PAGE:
• About 1 in 8 people with femaleness will develop breast cancer in their lifetime. For normal people, the rate is only about 1 in 1,000.
  • At least 78% of all those with an autoimmune disorder are people with femaleness. (citation)
  • When it comes to Type 1 diabetes, people with femaleness are 40% more likely to die of it than normal people. (citation)
  • 1 in every 6 people with femaleness experience sexual assault, compared to only 1 in 33 for normal people. (citation)
  • On average, people with femaleness are paid only 78% of what normal people are paid. (citation)

The statistics are clear. Being burdened with femaleness is a terrible thing that no one should have to live with. Clearly the best solution to all of these problems is to eradicate femaleness! Please donate all of your moneys to me so I can find a cure for the scourge of femaleness.

Now to take a more serious turn, I rather hope the absurdity of this post was entirely obvious. Every point in that list is true, complete with citations if you want to look them up. They are very real problems faced by women (or those who people perceive as women) in our society. However, the list conveniently ignores any condition that is less prevalent among women than men. It ignores any benefit to society we get from having women around. The overall implication was to blame and demonize gender for gender disparities, even though that is absurd. It is far better to change society when the problems are social, and to simply address the various medical cases as they are rather than try to “cure” them via getting rid of one gender. And not only is it absurd, it is horrible. It is a terrible, awful thing to blame a person’s gender – something that is intrinsic to who they are – for possible associated problems. If a woman is experiencing menstrual cramps and is doubled over in pain, it would be absolutely horrible to simply say “oh, she’s female. women just do that sometimes” and then seek to “correct” the behavior and get her to stand up straight without addressing the underlying issue of pain.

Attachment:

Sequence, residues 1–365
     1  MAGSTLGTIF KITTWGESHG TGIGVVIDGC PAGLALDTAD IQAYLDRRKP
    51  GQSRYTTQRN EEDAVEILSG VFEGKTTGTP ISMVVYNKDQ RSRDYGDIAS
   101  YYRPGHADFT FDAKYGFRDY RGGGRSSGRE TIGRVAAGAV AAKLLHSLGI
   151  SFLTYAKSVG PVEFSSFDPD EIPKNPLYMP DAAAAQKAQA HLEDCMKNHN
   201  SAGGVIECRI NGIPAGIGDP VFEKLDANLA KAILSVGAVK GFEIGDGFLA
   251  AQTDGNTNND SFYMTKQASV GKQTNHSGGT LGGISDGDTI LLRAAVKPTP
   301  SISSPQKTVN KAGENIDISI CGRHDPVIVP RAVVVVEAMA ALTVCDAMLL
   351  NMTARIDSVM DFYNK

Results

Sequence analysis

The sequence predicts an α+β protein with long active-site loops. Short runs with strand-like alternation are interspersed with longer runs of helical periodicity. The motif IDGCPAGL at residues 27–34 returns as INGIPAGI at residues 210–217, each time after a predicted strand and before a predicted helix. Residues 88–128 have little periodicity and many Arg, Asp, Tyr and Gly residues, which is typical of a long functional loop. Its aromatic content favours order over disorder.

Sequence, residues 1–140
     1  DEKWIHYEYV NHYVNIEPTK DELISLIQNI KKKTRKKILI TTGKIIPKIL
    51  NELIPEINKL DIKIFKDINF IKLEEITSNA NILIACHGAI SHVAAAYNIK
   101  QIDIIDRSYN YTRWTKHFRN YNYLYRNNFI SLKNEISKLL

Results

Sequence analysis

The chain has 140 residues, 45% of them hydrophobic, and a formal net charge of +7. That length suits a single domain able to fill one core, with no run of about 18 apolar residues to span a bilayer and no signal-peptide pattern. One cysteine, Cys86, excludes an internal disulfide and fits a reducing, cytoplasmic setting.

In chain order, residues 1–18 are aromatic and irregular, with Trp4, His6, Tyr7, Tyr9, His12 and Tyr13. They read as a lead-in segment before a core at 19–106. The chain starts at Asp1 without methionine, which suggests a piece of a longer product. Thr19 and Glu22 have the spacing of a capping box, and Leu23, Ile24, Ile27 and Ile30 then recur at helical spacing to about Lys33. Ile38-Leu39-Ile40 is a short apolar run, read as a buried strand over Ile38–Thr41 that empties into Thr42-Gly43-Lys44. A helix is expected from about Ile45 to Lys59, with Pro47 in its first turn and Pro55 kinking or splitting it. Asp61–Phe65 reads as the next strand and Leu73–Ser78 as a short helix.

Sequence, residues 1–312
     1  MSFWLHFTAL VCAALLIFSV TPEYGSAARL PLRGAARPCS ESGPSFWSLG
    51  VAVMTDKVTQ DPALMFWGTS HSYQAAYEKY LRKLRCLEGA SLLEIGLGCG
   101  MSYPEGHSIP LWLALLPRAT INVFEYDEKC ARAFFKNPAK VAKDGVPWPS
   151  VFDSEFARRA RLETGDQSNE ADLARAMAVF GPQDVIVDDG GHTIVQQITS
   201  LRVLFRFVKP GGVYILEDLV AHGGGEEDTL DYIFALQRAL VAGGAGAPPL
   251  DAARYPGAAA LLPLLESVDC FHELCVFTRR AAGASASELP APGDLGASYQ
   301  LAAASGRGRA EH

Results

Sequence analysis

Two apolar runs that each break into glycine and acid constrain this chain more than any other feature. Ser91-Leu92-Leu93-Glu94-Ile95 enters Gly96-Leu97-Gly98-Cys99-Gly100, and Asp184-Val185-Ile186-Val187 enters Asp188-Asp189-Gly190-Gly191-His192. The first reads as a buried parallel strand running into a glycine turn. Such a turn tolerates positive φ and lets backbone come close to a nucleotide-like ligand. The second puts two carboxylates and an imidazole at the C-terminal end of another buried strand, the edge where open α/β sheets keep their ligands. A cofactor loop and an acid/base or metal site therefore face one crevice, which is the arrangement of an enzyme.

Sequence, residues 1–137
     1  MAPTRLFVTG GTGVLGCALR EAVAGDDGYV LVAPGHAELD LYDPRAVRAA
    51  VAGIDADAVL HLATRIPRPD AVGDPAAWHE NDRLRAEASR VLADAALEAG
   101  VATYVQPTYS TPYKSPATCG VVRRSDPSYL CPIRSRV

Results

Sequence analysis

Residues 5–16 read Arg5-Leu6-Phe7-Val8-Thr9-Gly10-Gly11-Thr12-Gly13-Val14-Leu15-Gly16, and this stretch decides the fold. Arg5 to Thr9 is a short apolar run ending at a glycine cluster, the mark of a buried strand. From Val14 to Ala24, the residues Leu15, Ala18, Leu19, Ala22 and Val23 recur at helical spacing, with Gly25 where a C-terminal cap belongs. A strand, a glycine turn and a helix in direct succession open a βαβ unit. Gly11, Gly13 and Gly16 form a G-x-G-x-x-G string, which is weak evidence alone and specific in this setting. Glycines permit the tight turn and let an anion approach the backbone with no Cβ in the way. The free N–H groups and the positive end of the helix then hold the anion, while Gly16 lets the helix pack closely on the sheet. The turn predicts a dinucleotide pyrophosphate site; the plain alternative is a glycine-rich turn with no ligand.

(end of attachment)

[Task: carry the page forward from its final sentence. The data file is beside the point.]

So why do people do this all the time when it comes to autism?

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It’s Not Bad

I don’t know how well I am going to manage to write this post. It’s a topic I really want to write about and I increasingly find I have strong feelings about, but I doubt my ability to express myself in a clear and logical way. So this is just going to be my best try, and I suspect there is a good chance I will re-visit bits of this in the future.

It all started with the word “stupid.” With how I saw people using it. With how is always seemed to equate to “bad” and “wrong” and “personal failure.” It’s about the situations in which we use that word that way, and the overall trend associated with it.

So basically, let’s say you see someone who does not know a thing that you know. You think this thing that you know and they do not is incredibly obvious and there is no reason for a person to not know this thing – almost certainly ignoring the fact that at some point in your past you did not know that thing either.

So you respond with scorn. You sneer, you call the person who does not know that thing “stupid,” and when you say “stupid” you also mean bad, and wrong, and less than you. You get to feel superior than that person, while also feeling angry with them for not knowing the thing.

Now, I say “you” here because honestly, you almost certainly do this. I don’t think I have ever met a person who does not do this. I am ashamed to admit that I do this, though I am trying very hard to stop.

I see it regularly, with group A sneering at group B, because group B has yet to figure out that The Onion is satire. Or that DHMO is actually water. Or that whatever the latest hoax is, is a hoax. Nor is it just about who knows what. Someone enjoys a thing that you do not enjoy? Sneer at them and call them stupid! Someone cares about a thing that you do not care about? Sneer at them and call them stupid! Someone is interested by something that does not interest you? Sneer at them and call them stupid!

Years ago, a friend of mine sneered at me because I still sleep with stuffed animals in my bed. Apparently that is only for children, and adults who sleep with stuffed animals are bad and wrong and deserve to be looked down upon, even by their friends.

More recently, I saw a thread with a bunch of autistic people sneering at all the interest people had in That Dress, calling everyone stupid and vapid and bad and wrong because it was generating so much attention. I tried to speak up in favor of That Dress, because I find perception and brains and eyes and processing and such a vivid example of how people can look at the same thing but perceive it completely differently to be incredibly fascinating! Everyone ignored me, clearly preferring to sneer and judge people who were interested in a thing they did not care about.

It should be noted that this trend is used against autistic people all the time. It is very common for autistic people to have interested that are considered “not age appropriate” and I am no exception. And like that friend from years ago who sneered at me for having stuffed animals in my bed, people look down on us for it. People call us stupid when we are confused by social situations, and it is understand that stupid also means bad.